Teen's Car Sale Linked to Terror Scare

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    NEWSLETTERS

    Getty Images
    A member of the police department points to a surveillance image of a dark SUV, pictured at right, which is said to be the vehicle with a bomb that was discovered before it could be detonated in Times Square on May 2, 2010 in New York City. The vehicle was loaded with propane, gasoline and fireworks and had begun to detonate but hadn't exploded.

    When a 19-year-old Bridgeport, Conn. college student sold her Nissan Pathfinder over the Internet, the man who bought it said he was just going to visit friends in New York.

    Authorities believe that Peggy Colas actually sold her SUV to was Shahzad Faisal, the man accused in the botched car bomb in Times Square, the New York Post reports.

    The Hartford Courant spoke with a source who said Colas, a student at Post University in Waterbury,  told authorities she met the man at a mall on April 28. He gave her $1,300 in cash and took the car.

    Colas’ brother told the Post that the buyer "talked very softly, and he said he was just going to drive around and visit friends in New York."

    What Led to Arrest of Shahzad

    [HAR] What Led to Arrest of Shahzad
    A Nissan Pathfinder led police to a suspect in the New York car bomb scare. (Published Tuesday, May 4, 2010)

    The license plate on the SUV had been stolen from a Connecticut junkyard, officials said, but a Vehicle Identification Number in the car's engine led investigators to the former owner, who was the last person on record to be officially associated with the SUV.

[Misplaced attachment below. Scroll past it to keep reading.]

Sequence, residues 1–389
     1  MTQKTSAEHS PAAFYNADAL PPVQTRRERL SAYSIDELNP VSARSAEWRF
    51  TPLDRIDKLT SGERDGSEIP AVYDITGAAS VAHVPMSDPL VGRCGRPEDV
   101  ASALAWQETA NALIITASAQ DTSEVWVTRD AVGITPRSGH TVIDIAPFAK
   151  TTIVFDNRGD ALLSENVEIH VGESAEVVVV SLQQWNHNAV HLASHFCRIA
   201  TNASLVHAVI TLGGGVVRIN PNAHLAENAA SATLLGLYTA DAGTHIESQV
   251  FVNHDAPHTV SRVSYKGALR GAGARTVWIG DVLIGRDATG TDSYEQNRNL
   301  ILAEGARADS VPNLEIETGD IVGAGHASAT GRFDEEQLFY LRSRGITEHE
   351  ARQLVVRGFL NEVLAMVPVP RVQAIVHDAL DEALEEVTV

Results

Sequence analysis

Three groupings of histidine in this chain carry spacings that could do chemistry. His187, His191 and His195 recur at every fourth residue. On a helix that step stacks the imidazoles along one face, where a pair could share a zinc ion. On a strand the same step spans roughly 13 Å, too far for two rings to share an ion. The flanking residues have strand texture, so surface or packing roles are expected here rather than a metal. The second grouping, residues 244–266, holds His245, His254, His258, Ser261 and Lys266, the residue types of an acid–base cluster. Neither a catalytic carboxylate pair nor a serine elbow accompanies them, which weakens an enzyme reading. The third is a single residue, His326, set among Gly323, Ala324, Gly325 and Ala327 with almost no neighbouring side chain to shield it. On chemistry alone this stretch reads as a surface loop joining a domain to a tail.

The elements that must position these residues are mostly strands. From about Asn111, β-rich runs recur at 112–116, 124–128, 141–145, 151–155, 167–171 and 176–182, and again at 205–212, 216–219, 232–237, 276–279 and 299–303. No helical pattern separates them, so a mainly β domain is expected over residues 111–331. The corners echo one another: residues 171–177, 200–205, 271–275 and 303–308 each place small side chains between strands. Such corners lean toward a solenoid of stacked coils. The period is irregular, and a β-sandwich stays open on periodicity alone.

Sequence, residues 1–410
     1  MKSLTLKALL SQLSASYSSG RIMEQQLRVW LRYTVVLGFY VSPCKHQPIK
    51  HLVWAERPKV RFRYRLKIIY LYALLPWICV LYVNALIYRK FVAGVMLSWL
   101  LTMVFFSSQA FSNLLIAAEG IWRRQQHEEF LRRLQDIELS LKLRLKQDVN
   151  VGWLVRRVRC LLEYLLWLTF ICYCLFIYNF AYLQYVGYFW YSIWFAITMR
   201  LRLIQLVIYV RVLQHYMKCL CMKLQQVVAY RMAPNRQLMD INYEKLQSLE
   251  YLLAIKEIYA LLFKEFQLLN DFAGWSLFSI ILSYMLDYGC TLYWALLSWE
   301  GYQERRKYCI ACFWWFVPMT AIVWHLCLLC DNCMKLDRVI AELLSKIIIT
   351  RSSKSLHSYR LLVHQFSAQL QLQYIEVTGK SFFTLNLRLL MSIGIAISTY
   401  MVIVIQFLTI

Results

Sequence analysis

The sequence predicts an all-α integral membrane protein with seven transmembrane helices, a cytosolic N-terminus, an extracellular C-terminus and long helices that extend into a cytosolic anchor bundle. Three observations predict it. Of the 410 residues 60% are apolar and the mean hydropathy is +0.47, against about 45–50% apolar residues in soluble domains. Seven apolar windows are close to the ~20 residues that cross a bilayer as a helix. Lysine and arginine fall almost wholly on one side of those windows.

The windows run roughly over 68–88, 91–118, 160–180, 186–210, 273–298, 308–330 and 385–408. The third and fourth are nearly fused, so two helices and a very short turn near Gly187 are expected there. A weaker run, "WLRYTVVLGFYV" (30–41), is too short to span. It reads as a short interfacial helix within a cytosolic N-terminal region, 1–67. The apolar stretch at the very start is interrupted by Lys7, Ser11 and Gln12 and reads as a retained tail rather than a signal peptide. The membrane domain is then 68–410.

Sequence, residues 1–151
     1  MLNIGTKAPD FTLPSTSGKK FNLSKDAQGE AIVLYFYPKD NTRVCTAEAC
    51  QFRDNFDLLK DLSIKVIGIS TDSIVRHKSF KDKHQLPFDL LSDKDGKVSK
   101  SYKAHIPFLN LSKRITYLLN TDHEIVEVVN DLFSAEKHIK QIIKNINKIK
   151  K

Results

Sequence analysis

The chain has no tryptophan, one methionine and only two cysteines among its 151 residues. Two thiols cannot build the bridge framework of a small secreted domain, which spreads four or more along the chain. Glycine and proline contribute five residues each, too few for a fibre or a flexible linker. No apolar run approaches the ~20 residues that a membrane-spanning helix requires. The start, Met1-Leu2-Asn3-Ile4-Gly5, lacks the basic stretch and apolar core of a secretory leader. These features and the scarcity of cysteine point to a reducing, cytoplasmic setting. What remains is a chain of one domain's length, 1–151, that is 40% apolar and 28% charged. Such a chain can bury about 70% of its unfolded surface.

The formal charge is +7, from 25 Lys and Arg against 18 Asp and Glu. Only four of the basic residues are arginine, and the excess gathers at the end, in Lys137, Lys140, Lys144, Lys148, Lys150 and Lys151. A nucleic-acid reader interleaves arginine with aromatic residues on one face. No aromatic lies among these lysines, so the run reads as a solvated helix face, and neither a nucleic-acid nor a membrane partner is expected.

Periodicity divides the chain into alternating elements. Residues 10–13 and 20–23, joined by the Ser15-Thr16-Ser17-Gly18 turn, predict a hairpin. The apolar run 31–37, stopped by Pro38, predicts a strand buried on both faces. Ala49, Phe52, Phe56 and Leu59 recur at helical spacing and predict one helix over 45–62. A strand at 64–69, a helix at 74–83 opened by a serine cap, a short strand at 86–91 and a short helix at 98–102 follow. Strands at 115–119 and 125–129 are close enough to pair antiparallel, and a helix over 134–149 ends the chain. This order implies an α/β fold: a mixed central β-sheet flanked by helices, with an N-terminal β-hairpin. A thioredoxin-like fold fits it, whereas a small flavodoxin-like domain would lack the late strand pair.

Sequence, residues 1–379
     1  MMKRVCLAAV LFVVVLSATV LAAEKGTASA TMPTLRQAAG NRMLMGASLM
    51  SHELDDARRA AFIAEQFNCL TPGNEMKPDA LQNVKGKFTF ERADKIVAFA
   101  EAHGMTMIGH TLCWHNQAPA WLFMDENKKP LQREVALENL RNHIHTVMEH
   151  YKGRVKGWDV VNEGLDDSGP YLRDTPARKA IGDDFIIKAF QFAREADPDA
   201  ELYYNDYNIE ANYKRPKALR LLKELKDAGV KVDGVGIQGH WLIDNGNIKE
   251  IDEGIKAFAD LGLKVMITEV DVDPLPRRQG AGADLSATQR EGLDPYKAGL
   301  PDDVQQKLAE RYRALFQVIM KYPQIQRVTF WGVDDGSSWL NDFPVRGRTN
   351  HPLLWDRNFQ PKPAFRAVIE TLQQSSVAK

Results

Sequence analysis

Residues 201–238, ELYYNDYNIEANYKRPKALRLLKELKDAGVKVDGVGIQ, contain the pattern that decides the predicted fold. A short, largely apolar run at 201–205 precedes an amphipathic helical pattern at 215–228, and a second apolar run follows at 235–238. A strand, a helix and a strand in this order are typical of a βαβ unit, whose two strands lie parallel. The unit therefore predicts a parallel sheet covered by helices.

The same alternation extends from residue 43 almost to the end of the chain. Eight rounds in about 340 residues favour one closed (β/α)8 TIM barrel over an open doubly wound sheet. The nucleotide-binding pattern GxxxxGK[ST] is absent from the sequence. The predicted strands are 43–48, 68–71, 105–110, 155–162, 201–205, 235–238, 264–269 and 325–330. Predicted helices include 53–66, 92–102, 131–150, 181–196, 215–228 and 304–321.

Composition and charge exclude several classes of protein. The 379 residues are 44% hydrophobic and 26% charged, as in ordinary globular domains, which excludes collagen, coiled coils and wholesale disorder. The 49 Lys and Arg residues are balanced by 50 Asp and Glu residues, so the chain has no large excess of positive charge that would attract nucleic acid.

That sale has led to a nightmare of a week for the Connecticut teen, something news sources say she has posted on Facebook.

    Faisal Shahzad to Appear in Court Today

    [HAR] Faisal Shahzad to Appear in Court Today
    The man arrested in connection with New York bomb scare has two known residences in Connecticut. (Published Tuesday, May 4, 2010)

    Her family told The Post that investigators fingerprinted her and took the "for sale" sign that had been posted on her Pathfinder so they could check it for other prints.

    When the Post visited Colas’ home, she did not comment, but her mother said she is scared.

    "My daughter's nervous," her mom told the newspaper. "She doesn't want this guy coming after her."